Once I was visiting a kind-of newish friend, and she offered me home-made sparkling water (because she loves the earth). I was so excited because I had wondered how the at-home carbonators worked and figured this was my chance to try it before I buy it.
It was terrible. It was so flat it was like drinking a bottle of soda that had been open for a week. Sadly, I didn’t know this friend well enough to complain to her [ 🙂 ] so that day I didn’t get to learn that the amount of carbonation could be customized. For many years after that – two years – I just assumed I would never be able to experience the joys of at-home carbonation. #firstworldproblems
And then this is what happened. I was at a friend’s party, talking with another guest, and she started raving about her SodaStream – “so great!… we just love it… changed our lives…” Actually, I’m pretty sure she didn’t say that last thing, but she seemed excited enough about it that I decided to challenge her. “I don’t know… I’ve tried the sparkling water from those things, and it was too flat.” And that, my friends, is when I learned secret of customizable carbonation. Cue angel choir.
And I went out and bought one that weekend. Best decision ever. Because I’ve had mine for 5 years now, I have one of the original models – the SodaStream Genesis Home Soda Maker Starter Kit, Black and Silver. And — all joking aside — it has changed my life. At least when it comes to sparkling water. I love it! This is why:
Number four is, of course, meant to be a joke, but, honestly, bottled water is really one of the dumbest and most environmentally-unfriendly things people can consume (and, yes, I do sometimes do it… sigh), so anything I can do to be less dumb and less environmentally-unfriendly seems like a good deal. Speaking of which, if you enjoy becoming depressed, here is a great lesson on the environmental, social and economic cost of drinking bottled water: The Story of Stuff Project’s “The Story of Bottled Water.”
So, if you like sparkling water, and you want to save money (and the earth!), I highly recommend the SodaStream. There are a number of different models now. All of them come with warranties… some longer than others. Mine has a 10-year warranty, but others are shorter and a few of the fancier models have a lifetime warranty. Either way, if something goes wrong, you have options.
About the carbonator cylinder. When you buy a SodaStream, it comes with a carbonator tank (cylinder), which contains the CO2 that is injected into your water to make it sparkle. Here’s a picture of a standard size SodaStream 60-Liter Carbonator-Spare Cylinder.
This is the size that fits into all SodaStream makers, but some models can also fit the 130-L cylinders. I have noticed that most SodaStreams are now sold with an annoying “starter carbonator cylinder” which is basically trial-size. Probably the idea is to get you back into whatever store you bought it from, but you are definitely going to want to get the full-size (either 60L or, if your unit accepts it, the 130L) the day you buy your unit. Just buy it that same day. Trust me.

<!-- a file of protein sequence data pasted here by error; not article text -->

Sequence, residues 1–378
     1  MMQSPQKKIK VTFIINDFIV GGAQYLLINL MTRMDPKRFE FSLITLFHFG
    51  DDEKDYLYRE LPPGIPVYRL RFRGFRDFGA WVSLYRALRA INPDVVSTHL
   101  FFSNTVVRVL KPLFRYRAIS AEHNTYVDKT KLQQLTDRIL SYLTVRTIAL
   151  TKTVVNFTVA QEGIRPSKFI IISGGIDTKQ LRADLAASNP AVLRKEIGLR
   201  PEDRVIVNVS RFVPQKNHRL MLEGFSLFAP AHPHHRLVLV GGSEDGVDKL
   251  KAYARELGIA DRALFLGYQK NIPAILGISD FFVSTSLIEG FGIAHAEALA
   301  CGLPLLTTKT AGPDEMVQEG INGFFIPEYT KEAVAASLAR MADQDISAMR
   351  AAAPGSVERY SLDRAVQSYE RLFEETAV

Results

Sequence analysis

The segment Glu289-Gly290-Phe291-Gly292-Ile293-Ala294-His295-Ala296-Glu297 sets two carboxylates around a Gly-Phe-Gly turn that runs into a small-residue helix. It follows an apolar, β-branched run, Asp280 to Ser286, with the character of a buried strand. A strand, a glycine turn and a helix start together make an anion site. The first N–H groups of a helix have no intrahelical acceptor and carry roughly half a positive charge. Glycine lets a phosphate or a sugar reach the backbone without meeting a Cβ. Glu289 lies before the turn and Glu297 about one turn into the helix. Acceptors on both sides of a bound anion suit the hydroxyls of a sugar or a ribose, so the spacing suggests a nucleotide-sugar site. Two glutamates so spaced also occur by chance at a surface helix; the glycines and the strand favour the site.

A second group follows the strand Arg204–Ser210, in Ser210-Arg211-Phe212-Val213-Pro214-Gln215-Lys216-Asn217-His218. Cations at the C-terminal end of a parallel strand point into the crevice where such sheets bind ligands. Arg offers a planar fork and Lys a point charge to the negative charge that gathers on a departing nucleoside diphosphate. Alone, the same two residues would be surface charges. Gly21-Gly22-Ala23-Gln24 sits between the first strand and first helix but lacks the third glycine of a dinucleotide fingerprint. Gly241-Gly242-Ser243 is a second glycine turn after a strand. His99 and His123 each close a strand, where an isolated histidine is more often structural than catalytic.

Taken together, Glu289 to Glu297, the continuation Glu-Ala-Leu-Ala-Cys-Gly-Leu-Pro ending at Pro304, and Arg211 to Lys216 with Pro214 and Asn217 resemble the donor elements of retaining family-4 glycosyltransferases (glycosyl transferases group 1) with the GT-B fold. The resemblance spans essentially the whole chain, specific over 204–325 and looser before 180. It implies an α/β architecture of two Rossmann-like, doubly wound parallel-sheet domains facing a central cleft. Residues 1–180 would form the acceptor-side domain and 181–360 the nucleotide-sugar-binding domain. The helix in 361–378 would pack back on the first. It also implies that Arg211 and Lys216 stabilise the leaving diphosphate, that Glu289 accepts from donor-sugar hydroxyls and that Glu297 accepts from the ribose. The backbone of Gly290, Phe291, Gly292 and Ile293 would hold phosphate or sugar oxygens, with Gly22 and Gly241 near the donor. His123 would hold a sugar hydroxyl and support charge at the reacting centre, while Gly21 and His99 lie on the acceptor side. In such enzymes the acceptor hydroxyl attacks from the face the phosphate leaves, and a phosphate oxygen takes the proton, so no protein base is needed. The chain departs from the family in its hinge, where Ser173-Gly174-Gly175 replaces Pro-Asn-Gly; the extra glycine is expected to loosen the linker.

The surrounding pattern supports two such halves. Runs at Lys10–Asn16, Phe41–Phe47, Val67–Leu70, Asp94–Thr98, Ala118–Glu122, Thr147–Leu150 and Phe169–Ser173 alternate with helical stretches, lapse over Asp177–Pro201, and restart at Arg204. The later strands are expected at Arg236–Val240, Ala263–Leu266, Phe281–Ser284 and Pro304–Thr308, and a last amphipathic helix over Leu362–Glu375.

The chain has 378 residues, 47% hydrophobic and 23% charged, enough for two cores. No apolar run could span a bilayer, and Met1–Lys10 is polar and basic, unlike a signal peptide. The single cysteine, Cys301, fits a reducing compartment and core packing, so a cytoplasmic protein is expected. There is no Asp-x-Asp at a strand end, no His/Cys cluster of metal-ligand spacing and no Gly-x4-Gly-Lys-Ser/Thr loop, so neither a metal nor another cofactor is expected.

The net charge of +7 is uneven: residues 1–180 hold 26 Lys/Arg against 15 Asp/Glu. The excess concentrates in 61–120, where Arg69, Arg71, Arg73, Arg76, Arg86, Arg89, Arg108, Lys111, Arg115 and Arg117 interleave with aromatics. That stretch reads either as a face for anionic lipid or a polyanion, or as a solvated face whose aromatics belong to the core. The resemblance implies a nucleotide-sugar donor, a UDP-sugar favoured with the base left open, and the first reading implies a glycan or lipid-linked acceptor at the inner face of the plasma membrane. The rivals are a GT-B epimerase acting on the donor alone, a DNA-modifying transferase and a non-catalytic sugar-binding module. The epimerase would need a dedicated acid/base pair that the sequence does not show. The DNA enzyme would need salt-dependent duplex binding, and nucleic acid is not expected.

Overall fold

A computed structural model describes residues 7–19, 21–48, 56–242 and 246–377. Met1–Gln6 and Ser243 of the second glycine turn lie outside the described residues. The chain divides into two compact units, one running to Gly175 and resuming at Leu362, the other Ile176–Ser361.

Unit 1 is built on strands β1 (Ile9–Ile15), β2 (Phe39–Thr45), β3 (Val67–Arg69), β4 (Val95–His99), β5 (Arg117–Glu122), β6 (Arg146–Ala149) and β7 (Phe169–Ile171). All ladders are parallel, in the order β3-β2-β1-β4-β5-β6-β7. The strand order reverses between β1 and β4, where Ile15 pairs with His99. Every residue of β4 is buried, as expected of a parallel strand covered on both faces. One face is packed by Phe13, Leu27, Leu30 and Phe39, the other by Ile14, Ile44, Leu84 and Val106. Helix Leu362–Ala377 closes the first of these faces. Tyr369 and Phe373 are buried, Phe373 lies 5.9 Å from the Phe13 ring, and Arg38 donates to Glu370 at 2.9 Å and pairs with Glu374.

Now here is my first tip based on experience: #1: When your carbonator is empty, you can take it to Bed Bath and Beyond (and probably other retailers offer this same deal), and they will sell you a new one for half price as long as you are turning in the old one (recycling – SodaStream loves the earth!). At Bed Bath and Beyond, the trade-in price is $15, and if you have a $5 off coupon (i.e., if you receive U.S. Mail), it ends up being $10. Amazing!
Tip #2: Buy an extra/spare carbonating cylinder. It took me about 3 years before I realized that this was a good investment; I am a super fast learner. But take it from me… there is nothing more depressing than going to carbonate your water and hearing the sad and pitiful fizz of a dying carbonator. Buy the spare now. Or as soon as you are sure that you are going to keep your SodaStream. You will thank me.
Tip #3: The SodaStream bottles that you MUST use to carbonate your water have an expiration date. I just learned this. It is actually printed right there on the bottle. The bottles may still work after the expiration date, but eventually, they will stop working. When this happens, you might think that the actual SodaStream is broken, but it very well could be that it is time to replace the bottles.
Tip #4: SodaStream has a really friendly and helpful customer service department in case you do end up needing help with your product: (800) 763-2258.
So, now that you have all the info, what do you think? Will you get a SodaStream? Or do you already have one? And has it changed your life? 😉
City-dweller, designer, writer and lifestyle consultant practicing the art of living well in the 21st Century. Fixated with good coffee, great design, and any little thing that makes life better.